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Harnessing the immune system through programmed death-1 blockade in the management of Hodgkin lymphoma

Authors Oncale MB, Maymani H, Nastoupil LJ

Received 9 November 2016

Accepted for publication 21 January 2017

Published 16 February 2017 Volume 2017:7 Pages 1—7


Checked for plagiarism Yes

Review by Single-blind

Peer reviewer comments 2

Editor who approved publication: Professor David Dingli

Melody B Oncale, Hossein Maymani, Loretta J Nastoupil

Department of Lymphoma and Myeloma, Division of Cancer Medicine, The University of Texas MD Anderson Cancer Center, Houston, TX, USA

Abstract: Immunotherapy is a rapidly evolving therapeutic option in the treatment of lymphoma. Neoplastic cells evade immune recognition through the programmed death (PD)-1/PD-ligand immune checkpoint pathway. Several novel agents have been developed to restore the immune system’s ability to recognize and destroy cancer cells. Nivolumab and pembrolizumab are two anti-PD-1 antibodies that have demonstrated success in the treatment of refractory Hodgkin lymphoma. Harnessing the immune system’s ability to target neoplastic cells, ideally without the use of cytotoxic chemotherapeutic agents, is one way in which these novel agents are changing the therapeutic landscape in the treatment of lymphomas. Here, we review the emerging data regarding checkpoint inhibitors in the management of Hodgkin lymphoma, the unique adverse effects encountered with the use of these agents, and a practical approach to the management of these adverse effects. Additionally, we discuss upcoming trials that will further assess the promising future developments of checkpoint inhibition in the treatment of not only Hodgkin lymphoma but also other B cell lymphomas and myeloma. These agents offer immense promise of a future where many lymphomas can be treated without the toxic effects of chemotherapeutic agents.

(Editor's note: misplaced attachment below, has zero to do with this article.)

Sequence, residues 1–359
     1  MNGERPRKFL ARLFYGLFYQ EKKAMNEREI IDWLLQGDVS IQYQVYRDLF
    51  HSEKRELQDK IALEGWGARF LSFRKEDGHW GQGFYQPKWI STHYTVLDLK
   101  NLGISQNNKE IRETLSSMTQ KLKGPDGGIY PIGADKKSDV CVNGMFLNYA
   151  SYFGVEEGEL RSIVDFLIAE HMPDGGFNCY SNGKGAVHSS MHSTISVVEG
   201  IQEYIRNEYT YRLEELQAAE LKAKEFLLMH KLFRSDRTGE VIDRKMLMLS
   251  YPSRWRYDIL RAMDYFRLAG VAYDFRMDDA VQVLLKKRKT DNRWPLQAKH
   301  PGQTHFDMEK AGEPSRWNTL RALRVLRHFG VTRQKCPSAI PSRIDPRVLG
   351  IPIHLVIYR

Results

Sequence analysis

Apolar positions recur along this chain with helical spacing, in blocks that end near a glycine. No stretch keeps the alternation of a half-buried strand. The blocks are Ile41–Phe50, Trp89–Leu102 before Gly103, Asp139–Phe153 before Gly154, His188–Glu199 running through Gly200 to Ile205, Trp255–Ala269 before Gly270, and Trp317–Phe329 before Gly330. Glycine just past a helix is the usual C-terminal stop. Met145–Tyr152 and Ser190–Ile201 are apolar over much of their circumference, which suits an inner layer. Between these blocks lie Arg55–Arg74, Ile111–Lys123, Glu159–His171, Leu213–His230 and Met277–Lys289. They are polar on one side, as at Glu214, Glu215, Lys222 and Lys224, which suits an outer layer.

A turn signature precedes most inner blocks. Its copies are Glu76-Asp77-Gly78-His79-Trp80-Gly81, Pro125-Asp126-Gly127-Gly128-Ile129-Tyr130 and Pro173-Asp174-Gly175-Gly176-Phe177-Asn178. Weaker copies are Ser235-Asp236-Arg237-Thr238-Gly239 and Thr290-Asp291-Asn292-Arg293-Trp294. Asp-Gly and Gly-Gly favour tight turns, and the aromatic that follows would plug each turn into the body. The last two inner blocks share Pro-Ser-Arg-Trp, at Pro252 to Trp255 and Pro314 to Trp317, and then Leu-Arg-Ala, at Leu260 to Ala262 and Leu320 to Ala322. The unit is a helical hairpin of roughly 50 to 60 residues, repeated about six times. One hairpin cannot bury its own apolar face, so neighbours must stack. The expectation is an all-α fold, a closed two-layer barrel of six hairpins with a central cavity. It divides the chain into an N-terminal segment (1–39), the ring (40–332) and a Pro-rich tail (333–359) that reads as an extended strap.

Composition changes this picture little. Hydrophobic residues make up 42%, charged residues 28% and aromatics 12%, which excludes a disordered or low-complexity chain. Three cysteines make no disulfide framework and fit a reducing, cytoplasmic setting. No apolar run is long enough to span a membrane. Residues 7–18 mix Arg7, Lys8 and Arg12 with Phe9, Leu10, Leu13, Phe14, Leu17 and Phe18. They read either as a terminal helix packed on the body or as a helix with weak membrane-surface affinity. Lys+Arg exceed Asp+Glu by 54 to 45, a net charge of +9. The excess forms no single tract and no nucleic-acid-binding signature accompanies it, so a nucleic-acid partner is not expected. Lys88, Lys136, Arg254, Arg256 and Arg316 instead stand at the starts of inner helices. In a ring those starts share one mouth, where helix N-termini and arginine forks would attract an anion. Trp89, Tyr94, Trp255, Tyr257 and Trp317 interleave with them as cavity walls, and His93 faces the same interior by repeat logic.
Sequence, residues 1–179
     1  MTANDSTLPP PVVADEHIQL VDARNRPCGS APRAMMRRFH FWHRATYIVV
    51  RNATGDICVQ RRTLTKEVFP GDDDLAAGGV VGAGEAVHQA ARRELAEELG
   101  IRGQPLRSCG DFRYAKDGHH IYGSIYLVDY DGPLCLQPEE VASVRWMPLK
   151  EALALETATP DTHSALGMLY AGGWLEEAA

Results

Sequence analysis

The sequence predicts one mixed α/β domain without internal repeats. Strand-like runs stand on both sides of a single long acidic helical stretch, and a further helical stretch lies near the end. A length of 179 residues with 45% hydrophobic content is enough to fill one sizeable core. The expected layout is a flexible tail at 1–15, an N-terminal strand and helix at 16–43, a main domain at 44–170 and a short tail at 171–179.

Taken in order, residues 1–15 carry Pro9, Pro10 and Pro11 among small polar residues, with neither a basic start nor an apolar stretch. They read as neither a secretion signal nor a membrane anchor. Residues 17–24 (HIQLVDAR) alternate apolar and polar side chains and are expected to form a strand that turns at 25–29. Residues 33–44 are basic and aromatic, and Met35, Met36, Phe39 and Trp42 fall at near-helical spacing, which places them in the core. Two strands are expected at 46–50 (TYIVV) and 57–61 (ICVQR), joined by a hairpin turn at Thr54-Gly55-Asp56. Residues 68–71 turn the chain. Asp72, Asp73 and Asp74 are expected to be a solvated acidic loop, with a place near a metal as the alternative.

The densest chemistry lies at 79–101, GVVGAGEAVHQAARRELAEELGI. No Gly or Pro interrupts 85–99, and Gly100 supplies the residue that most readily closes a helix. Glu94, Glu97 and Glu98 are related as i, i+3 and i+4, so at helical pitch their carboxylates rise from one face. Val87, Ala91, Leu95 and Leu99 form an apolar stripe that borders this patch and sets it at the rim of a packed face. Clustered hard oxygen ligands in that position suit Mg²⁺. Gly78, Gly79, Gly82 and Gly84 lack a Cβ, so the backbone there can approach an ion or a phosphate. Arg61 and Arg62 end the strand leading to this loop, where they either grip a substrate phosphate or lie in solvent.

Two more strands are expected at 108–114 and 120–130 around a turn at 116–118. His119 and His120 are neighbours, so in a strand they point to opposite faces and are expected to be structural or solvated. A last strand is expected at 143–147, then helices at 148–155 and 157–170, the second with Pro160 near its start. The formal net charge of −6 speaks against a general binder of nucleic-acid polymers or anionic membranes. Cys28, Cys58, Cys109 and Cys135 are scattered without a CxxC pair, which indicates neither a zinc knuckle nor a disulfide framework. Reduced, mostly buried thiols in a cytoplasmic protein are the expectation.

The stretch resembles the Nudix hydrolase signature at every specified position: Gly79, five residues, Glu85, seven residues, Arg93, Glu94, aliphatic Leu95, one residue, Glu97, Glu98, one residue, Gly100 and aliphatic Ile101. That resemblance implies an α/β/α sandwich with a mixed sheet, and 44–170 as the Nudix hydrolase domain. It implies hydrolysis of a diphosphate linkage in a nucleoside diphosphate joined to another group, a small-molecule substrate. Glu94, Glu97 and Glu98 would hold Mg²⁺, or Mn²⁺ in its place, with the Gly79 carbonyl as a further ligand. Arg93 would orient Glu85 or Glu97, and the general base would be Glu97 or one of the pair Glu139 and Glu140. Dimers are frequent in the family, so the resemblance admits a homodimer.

Keywords: Hodgkin lymphoma, programmed death-1, nivolumab, pembrolizumab, lymphoma

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